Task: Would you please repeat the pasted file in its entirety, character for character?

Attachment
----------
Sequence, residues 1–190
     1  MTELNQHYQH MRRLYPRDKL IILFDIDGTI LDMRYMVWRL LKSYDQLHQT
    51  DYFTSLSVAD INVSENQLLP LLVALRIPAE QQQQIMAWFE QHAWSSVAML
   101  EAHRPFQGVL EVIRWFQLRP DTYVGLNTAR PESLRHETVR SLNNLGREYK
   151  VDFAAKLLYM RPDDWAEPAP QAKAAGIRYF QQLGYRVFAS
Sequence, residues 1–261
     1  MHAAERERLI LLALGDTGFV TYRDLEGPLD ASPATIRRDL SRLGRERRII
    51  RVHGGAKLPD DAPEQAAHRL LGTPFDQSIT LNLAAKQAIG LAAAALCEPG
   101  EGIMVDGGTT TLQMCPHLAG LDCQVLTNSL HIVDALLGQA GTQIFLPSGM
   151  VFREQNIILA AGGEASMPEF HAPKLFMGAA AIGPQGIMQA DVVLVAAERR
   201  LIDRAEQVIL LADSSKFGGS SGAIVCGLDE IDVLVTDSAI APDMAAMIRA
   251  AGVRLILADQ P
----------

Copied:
Sequence, residues 1–190
     1  MTELNQHYQH MRRLYPRDKL IILFDIDGTI LDMRYMVWRL LKSYDQLHQT
    51  DYFTSLSVAD INVSENQLLP LLVALRIPAE QQQQIMAWFE QHAWSSVAML
   101  EAHRPFQGVL EVIRWFQLRP DTYVGLNTAR PESLRHETVR SLNNLGREYK
   151  VDFAAKLLYM RPDDWAEPAP QAKAAGIRYF QQLGYRVFAS
Sequence, residues 1–261
     1  MHAAERERLI LLALGDTGFV TYRDLEGPLD ASPATIRRDL SRLGRERRII
    51  RVHGGAKLPD DAPEQAAHRL LGTPFDQSIT LNLAAKQAIG LAAAALCEPG
   101  EGIMVDGGTT TLQMCPHLAG LDCQVLTNSL HIVDALLGQA GTQIFLPSGM
   151  VFREQNIILA AGGEASMPEF HAPKLFMGAA AIGPQGIMQA DVVLVAAERR
   201  LIDRAEQVIL LADSSKFGGS SGAIVCGLDE IDVLVTDSAI APDMAAMIRA
   251  AGVRLILADQ P